That’s it. And I was fortunate to rise up the ranks of the organisation and find myself running the sales team for currency division which at various times was supplying to Iraq and Afghanistan, as they emerged from conflict, and that has definitely been drawn on for my book. Not only the broad experiences of the sort of things that happen when people have to make these decisions: ‘are we going to introduce a new currency or not?’, but also just generally it fired up my thinking in a load of these areas where I was responsible for advising the most senior people in the company: ‘should we be going down this route?’ ‘Is it appropriate?’ ‘Do we have to wait a little longer to see what pans out in this particular country?’ So that kind of political sensitivity, understanding what’s going on and how far you could and should go was definitely left over from the foreign office.
A childish question, but do you have a favourite currency?
Funnily enough I was always struck by some of the work that had been done by one of De La Rue’s managers for Cape Verde. He was very uncompromising in achieving designs for currency that were really world leading. Beautiful designs. It’s very attractive and it has an impact on people when they arrive in a country and say ‘Wow that’s beautifully designed!’. He ended up producing some really fine designs for Cape Verde, so they always struck me as really fascinating, very attractive.
Cape Verde! That’s a great curve ball answer, who’d have thought!?
Sometimes the more powerful countries have the more boring designs.
That’s interesting actually. It’s true that US dollars are very boring, and the UK’s always had quite conservatively designed currency, although I like the £2 coin. Why is that?
Well, I think some countries see the currency as more of a necessary statement about national pride, culture, ethos, and so on, than other countries do. It’s almost in almost inverse proportion to the power of the country.
And in this long career working in places around the globe, where have been some of your favourite spots, that still have a place in your heart?
Well, Berlin was a fantastic place in the 80s, and it’s still a fantastic place now. But I spent a lot of time in Central Asia covering Kyrgyzstan, Turkmenistan, Kazakhstan, and I think if I went back there tomorrow, I would not be lost. It would be pretty comfortable for me.
I imagine not many Brits can say that about Kyrgyzstan, Turkmenistan, and Kazakhstan! And where should we be paying attention to now?
Now I’ve spent a lot of my time outside of the currency world, outside the world of De La Rue, and now I’m very focused on Iran. Since last year I’ve been running the British Iranian Chamber of Commerce. And in the time I’ve been sitting in the hot seat, it really has sharpened up, the whole US-Iran position. As you can see from the news these days it’s getting more and more fraught, more and more tense.
And once again your job’s given you a ringside seat! But Iran’s the place to keep an eye on right now?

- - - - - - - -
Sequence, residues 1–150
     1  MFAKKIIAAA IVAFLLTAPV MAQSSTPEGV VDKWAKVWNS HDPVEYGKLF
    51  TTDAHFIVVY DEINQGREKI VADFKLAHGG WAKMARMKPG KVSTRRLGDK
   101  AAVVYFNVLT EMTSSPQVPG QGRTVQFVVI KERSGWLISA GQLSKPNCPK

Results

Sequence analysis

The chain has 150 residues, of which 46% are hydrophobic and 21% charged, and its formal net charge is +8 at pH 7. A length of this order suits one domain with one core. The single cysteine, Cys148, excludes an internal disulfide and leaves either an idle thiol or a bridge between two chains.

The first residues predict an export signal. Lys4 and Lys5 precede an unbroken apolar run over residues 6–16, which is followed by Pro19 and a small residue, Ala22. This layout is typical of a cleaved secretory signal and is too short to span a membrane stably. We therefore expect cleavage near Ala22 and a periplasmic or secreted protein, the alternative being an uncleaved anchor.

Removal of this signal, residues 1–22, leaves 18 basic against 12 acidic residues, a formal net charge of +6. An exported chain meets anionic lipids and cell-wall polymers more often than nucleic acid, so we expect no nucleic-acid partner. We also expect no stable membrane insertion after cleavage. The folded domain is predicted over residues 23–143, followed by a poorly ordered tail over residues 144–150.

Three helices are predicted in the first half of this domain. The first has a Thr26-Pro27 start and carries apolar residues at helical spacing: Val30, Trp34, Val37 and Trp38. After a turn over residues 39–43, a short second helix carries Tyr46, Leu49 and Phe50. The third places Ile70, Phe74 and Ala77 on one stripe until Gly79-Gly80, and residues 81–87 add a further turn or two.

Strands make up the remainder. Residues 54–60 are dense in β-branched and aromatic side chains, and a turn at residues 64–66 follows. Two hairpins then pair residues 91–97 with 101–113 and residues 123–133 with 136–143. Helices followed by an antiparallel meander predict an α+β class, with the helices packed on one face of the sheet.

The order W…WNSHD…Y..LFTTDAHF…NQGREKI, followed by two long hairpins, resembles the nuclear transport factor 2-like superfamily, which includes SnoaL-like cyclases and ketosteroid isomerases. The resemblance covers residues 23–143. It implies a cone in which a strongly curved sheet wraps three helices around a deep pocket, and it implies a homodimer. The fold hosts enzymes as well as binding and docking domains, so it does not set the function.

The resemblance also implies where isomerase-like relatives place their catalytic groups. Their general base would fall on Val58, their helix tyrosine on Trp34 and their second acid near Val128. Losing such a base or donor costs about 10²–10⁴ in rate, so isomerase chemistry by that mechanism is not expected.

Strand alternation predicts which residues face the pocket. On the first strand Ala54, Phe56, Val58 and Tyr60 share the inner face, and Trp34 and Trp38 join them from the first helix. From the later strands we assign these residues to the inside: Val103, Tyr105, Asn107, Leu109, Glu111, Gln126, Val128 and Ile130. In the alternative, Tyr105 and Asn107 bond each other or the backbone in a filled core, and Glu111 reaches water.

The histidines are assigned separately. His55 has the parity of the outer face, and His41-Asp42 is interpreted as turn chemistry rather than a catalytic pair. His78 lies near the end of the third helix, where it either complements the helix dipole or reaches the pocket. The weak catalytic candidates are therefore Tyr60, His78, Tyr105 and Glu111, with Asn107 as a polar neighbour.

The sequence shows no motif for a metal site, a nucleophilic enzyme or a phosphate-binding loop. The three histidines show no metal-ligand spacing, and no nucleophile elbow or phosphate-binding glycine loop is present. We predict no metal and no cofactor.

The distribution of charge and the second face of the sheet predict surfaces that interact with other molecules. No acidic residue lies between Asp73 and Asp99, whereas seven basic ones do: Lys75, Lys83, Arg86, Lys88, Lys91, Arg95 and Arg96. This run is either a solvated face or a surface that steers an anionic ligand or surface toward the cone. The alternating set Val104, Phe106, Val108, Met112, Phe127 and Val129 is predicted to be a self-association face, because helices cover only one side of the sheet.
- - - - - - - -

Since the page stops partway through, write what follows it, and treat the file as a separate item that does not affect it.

Oh yeah absolutely, it is a test case for Trump and his whole style of government. It’s a test case for the UK which lifted sanctions on Iran in early 2016 in return for Iran giving up its nuclear programme. And everybody has agreed, the international atomic energy authority, and most national governments agree that they (Iran) have performed their part of the deal, whereas the reality is that I think they’ve got good grounds to believe that The West has not fulfilled its part of the deal, so it’s a big test case. And of course, we all hope that it doesn’t decline into open conflict.
And any other things we should be worrying about?
The thing that really gives me pause for thought at the moment is the dependence on the internet as a platform for our monetary systems. Everything we do now with telephone banking, and internet banking etc – we’re so dependent on the internet that that leaves us, our monetary systems very vulnerable to attack by cyber hackers. We’re now moving into a brave new world but one where our fundamental way of doing business is open to serious attack. The point is that governments need to have a plan B in their pocket. Because if someone decides they’re going to mount cyber attacks on an unprecedented scale to bring down a country’s economy, then you need to be able to have good old fashioned currency to hand. It’s no good leaving that to another day.
You’ve worked all over the world, you’ve been involved with some of the major global political issues of our age, when did the penny drop that you really ought to write a book about all this?
In my De La Rue time I looked at a lot of these issues not just as a sales opportunity but I was always interested in the political, military, diplomatic dimensions of what was going on. I was Director of Government Relations, when there was a lot happening in the world. There was a civil war erupting in Libya where the currency had a part to play, South Sudan emerged as the world’s newest country. And I had ringside seats in these things. And I was accumulating by that time so much knowledge and experience and expertise in the crossover between the commercial and the political worlds that quite a senior civil servant said to me, ‘You’re the guru on this sort of stuff’, this was around 2011, and I suddenly thought, ‘well perhaps I am, and isn’t this something I should be writing about?’. ⬛️
Our thanks to Paul for letting us interview him, and for the on-going pleasure of being his literary agents. Interview edited for clarity.
PaulWilson’s book ‘HOSTILE MONEY: Currencies in Conflict’ came out in May on The History Press. The book covers the interplay of money and power across centuries of world history; from civil war in Ancient Rome to today’s economic sanctions on Iran. ORDER YOUR COPY HERE.